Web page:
These three sentences exemplify incorrect insertion or omission of hyphens in numerical references. Each sentence is accompanied by a discussion and a revision.
1. The two albums have sold close to 30-million copies combined worldwide.
The combination of a numeral and a word expressing an order of magnitude is never hyphenated; the usage, a simplified version of the cluttered-looking numerical representation 3,000,000, is not a phrasal adjective: “The two albums have sold close to 30 million copies combined worldwide.” (This is true even when the number is a phrasal adjective: “The 30 million figure is unprecedented,” though it is better to relax such a statement to read, “The figure of 30 million is unprecedented.”) “The 30-million-dollar figure is unprecedented.”
In such usage, the number is often spelled out: “The two albums have sold close to thirty million copies combined worldwide.” No hyphen is required in this case, either (“The thirty million figure is unprecedented”), though, again, it reads better in a more relaxed state (“The figure of thirty million is unprecedented”).
When yet another word is included to form a phrasal adjective, however, whether the number is in numeral form or spelled out, hyphenate all three elements: “The 30-million-dollar figure is unprecedented”; “The thirty-million-dollar figure is unprecedented.”
2. These phases are often subdivided into 30, 60, and 90-day segments to manage specific milestones with greater precision.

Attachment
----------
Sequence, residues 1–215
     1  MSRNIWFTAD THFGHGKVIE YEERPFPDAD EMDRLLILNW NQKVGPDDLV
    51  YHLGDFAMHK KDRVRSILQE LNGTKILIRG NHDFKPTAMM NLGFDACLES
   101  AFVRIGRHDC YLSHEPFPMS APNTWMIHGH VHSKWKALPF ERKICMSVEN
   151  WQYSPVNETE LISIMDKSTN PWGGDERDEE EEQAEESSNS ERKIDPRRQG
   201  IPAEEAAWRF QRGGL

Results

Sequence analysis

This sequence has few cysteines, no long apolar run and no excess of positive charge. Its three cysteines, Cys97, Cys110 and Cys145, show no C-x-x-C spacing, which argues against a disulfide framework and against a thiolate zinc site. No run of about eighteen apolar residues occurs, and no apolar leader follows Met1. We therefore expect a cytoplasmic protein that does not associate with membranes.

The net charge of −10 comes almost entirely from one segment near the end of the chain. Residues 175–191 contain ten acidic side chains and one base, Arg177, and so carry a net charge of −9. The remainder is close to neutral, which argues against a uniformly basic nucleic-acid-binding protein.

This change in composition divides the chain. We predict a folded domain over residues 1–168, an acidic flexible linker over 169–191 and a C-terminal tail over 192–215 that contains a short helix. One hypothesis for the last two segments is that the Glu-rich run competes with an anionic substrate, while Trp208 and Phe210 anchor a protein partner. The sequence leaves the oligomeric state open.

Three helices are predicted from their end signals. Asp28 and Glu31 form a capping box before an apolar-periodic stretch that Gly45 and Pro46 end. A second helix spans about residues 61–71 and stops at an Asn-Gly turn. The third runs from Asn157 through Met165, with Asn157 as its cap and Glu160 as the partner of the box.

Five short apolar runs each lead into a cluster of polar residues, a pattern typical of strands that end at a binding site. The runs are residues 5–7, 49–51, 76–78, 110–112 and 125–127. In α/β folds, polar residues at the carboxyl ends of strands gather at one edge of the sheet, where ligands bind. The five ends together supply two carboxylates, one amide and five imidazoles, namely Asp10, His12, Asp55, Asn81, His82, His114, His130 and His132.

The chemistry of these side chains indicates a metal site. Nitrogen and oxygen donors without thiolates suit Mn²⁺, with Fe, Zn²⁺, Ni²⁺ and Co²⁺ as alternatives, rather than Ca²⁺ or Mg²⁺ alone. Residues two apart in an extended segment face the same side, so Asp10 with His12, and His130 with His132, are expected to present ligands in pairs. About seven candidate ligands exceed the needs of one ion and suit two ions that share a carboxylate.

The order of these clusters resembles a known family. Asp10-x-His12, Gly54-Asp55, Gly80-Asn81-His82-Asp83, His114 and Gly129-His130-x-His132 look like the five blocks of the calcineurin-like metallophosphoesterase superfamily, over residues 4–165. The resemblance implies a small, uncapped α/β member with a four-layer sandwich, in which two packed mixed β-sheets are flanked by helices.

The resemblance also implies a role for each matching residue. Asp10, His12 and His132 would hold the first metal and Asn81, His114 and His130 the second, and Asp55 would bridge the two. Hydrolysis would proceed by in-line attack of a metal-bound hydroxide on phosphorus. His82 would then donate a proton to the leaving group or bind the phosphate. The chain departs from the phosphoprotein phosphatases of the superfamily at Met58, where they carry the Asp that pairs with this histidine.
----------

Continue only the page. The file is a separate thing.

This sentence refers to segments of 30, 60, and 90 days’ duration, but the word day in the phrasal adjectives “30-day” and “60-day” has been elided because the use of the word in “90-day” makes it clear that the unit of time is implied for all three numbers. However, when this technique, called suspensive hyphenation, is employed, the hyphen must be retained after all three figures: “These phases are often subdivided into 30-, 60-, and 90-day segments to manage specific milestones with greater precision.”
3. We anticipate that significant unplanned outages of the network will occur approximately five-ten times a year.
If the numbers in this sentence were treated as numerals, the correct style would be “5–10 times a year,” but an en dash should not be used in a number range when the numbers are spelled out (nor should a hyphen, which, as here, is often used erroneously in place of the dash): “We anticipate that significant unplanned outages of the network will occur approximately five to ten times a year.” (Some publications deliberately use hyphens in number ranges because a hyphen takes only a single keystroke to type.)
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